Greed (1924) – Erich von Stroheim


The Great Movies – 100 Year of Film book brings me the first drama title to take a look at.

Directed by Erich von Stroheim and based on the novel, McTeague by Frank Norris, Greed is a massive story, that when originally put together by Stroheim for a screening, ran for nine and a half hours!! The studio, of course, insisted that the film be trimmed down to a more suitable run time, and cut it down to a runtime of just over two hours.

As such, lots of the films nuances and characters are lost, but the essence of the story is still there.

McTeague (Gibson Gowland) is hard at work in a gold mine, trying to get his big strike, when a dentist happens into town, and he becomes an apprentice. Moving to the big city after touring with the dentist, he sets up his own practice, and eeks out a life for himself.

When he meets his friend Marcus’ (Jean Hersholt) cousin Trina (Zasu Pitts), both men have romantic designs on her. But Marcus, being a good friend, steps aside so that Mac can attempt to court his cousin (cause that’s not gross).


As the relationship progresses, rockily, the two finally end up together. When Trina wins a lottery of $5000 off a ticket while she was with Marcus, he becomes upset and jealous, believing he is entitled to part of the winnings, as the two of them were together when she bought the winning ticket.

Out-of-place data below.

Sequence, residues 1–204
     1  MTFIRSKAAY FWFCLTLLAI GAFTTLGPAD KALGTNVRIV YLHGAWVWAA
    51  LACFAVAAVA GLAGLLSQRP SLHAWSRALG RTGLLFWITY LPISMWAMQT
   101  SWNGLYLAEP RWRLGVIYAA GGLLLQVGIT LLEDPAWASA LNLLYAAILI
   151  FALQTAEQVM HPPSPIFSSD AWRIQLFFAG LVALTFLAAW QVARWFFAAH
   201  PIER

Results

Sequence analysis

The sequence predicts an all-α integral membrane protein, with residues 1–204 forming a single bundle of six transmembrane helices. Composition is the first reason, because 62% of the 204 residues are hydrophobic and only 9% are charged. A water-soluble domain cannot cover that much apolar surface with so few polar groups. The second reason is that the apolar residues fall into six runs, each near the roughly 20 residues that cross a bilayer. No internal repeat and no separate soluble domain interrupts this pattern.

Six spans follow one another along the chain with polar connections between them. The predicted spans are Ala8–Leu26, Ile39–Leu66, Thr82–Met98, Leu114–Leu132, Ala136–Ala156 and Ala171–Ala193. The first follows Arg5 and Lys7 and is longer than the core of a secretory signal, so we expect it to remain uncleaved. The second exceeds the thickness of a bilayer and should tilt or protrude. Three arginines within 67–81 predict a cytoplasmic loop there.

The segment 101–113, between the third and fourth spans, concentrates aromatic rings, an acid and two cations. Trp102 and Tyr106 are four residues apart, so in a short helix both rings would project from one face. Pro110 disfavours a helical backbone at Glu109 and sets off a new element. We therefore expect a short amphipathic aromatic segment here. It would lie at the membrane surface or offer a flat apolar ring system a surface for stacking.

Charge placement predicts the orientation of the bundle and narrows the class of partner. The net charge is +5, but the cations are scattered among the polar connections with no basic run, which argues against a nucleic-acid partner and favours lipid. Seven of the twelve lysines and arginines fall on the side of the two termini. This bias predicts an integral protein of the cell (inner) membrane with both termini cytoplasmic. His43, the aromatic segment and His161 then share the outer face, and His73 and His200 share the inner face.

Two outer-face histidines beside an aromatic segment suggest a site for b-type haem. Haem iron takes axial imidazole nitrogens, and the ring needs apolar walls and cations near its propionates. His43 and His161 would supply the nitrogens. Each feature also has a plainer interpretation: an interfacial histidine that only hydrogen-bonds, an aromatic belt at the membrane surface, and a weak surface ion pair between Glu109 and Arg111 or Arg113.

As an act of vengeance, Marcus has his former friend’s dentist business shut down, seeing as his education was never official.

Trina fearful that either man may try and spirit her prize money away, sequesters it, living miserly, poorly, while stockpiling, even keeping Mac’s money when he makes some.

When McTeague is left jobless and without prospects, the violence in the relationship increases, from Mac biting Trina’s fingers so badly they become infected and need to be amputated, to his eventual confrontation with her, resulting in a devastating outcome.

On the run with the $5000 and wanted for murder, a pursuit takes place across Death Valley, leading to an incredible climax.


This one was good, the loss of a lot of story and plot is apparent, and could have been recut and remade into a tighter, more solid film in my opinion, but it was an intriguing watch none the less. The ending is practically pitch perfect, as McTeague seems to be driven right to the edge of madness by his greed.

I quite like a good silent film, and this one continues to foster that appreciation. I like the use of different film stocks to suggest day and night, the hand-tinting of items throughout the film to convey them as gold, the only true color on the screen.

The only thing I couldn’t take seriously in the film was Gowland’s hair, its look and style seemed more apropos of a comedy film than a drawn-out drama.

Still, this one was an interesting watch, and I’m looking forward to see what the recommendations are as I dig deeper into the drama section of Great Movies – 100 Years of Film.

Have you seen this one?


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